This week, a fantastic editorial appeared in the Wall Street Journal that has sparked a very important conversation. In the article, the paper’s editorial board encourages President Trump to use monetary reform to address Chinese currency devaluation. The WSJ wrote: Mr. Trump’s trade
US News and World Report‘s Andrew Soergel reports that “With White House in Sight, Trump, Clinton Plan Fed Renovations: No matter who wins the election, times are likely changing at America’s central bank.” “The Fed” really is a synecdoche for monetary policy.
Whoever wins the presidency there is a lurking issue, the most underappreciated issue in politics. Getting it wrong destroyed the economy (and contributed to ending the presidencies) of Ford and Carter and tarnished the records of George W. Bush and Barack Obama.
Who will conjure the American Dream back for us? Politics is part prestidigitation, part reality. A great magician distracts her audience’s attention while producing the payoff. Abracadabra! Want to see how it’s done? Focus on the hidden hand. In this case, the United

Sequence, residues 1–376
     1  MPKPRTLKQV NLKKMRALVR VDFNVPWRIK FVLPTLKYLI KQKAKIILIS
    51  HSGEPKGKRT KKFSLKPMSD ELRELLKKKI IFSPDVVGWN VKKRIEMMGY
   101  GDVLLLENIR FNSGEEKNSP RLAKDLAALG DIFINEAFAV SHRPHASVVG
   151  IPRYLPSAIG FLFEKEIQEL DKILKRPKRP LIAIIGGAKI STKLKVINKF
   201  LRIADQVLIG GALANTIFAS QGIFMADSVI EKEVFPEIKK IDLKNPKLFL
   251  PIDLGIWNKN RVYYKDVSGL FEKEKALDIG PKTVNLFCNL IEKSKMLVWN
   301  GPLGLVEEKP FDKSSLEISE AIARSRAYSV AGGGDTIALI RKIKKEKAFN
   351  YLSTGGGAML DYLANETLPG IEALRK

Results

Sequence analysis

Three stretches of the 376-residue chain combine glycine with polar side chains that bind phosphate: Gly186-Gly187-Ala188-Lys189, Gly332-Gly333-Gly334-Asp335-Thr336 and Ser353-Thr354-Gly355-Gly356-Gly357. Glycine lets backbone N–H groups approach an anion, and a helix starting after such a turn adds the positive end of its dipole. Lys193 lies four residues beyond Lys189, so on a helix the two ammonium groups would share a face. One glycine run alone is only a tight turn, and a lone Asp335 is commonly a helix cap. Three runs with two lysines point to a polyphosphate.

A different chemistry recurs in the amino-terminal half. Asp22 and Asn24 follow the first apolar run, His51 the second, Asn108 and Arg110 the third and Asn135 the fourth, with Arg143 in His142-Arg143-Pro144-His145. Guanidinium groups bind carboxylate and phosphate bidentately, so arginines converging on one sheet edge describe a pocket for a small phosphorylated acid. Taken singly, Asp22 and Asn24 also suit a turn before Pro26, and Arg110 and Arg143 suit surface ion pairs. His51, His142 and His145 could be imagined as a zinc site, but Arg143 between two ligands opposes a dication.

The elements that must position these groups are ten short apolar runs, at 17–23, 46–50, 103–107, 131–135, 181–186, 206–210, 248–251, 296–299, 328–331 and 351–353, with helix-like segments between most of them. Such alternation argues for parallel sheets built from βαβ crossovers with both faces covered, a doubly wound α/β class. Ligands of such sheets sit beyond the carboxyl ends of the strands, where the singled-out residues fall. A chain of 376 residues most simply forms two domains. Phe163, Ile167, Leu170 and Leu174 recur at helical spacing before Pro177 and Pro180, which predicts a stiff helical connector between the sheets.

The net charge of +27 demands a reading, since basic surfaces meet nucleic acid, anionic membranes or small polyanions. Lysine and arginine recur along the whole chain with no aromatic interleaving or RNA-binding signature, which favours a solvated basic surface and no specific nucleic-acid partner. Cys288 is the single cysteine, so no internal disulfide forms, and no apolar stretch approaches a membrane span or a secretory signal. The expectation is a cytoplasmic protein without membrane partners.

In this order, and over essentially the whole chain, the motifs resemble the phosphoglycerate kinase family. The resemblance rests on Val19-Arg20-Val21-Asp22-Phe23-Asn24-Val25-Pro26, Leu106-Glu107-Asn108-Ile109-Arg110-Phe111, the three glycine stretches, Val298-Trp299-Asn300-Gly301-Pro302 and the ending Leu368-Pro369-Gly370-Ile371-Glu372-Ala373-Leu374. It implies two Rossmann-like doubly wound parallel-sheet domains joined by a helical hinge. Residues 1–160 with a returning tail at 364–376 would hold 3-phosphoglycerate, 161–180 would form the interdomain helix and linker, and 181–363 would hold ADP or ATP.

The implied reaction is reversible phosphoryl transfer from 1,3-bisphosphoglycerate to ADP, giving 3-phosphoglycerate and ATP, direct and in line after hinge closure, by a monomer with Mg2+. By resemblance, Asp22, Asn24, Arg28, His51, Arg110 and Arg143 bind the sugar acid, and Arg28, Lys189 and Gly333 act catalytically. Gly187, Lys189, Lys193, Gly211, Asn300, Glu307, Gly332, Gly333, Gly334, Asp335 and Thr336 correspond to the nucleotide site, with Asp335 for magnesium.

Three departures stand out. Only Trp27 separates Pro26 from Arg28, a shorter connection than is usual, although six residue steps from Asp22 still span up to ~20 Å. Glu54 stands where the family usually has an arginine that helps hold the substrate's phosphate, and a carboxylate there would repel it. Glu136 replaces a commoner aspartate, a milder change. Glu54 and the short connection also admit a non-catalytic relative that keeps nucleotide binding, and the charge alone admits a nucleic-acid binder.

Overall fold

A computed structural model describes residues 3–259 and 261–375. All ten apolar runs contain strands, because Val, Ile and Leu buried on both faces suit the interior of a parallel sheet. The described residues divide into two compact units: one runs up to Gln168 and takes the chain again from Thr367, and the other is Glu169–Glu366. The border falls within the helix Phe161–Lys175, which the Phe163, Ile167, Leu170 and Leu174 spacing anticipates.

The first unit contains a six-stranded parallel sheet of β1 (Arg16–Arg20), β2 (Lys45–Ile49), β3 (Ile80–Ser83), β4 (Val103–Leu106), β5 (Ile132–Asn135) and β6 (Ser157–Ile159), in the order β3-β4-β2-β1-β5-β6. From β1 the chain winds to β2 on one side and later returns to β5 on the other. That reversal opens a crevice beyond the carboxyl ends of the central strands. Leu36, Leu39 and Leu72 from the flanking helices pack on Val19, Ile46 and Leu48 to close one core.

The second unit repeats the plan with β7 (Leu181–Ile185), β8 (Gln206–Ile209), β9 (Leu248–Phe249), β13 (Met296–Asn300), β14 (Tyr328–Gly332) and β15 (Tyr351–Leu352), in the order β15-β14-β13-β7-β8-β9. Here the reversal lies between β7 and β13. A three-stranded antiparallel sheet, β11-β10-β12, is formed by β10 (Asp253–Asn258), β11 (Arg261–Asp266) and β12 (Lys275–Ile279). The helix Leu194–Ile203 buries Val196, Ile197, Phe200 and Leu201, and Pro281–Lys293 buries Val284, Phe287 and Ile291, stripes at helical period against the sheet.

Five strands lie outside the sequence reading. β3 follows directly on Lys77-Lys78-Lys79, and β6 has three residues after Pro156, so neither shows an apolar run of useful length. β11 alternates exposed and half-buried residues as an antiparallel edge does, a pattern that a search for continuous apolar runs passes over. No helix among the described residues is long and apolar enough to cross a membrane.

After meeting with progressive lobbyists at the Federal Reserve’s annual Jackson Hole retreat, Fed policymakers declared on Friday that the Fed needed new “tools” to manage the economy, including the ability to buy non-government-backed assets like corporate debt, which would add to
“Houston, we’ve had a problem here.” With those low-key words, command module pilot Jack Swigert of Apollo 13 revealed that, in the later recollection of mission commander James A. Lovell, its “oxygen tank No. 2 blew up, causing No. 1 tank also to
Kate Davidson in The Wall Street Journal recently took note of a GOP 2016 plank that had been largely overlooked in all the focus on the social issues in the Platform Committee: “GOP Platform Includes Proposal to Study Return to Gold Standard.”
A report by Michelle Jamrisko in Bloomberg News on May 17th, headlined “Make America Gold Again: Calls for Everyone’s Favorite Standard Are Back,” suggests that the headline may have outrun its pass coverage. The gold standard is by no means “everyone’s” favorite standard. It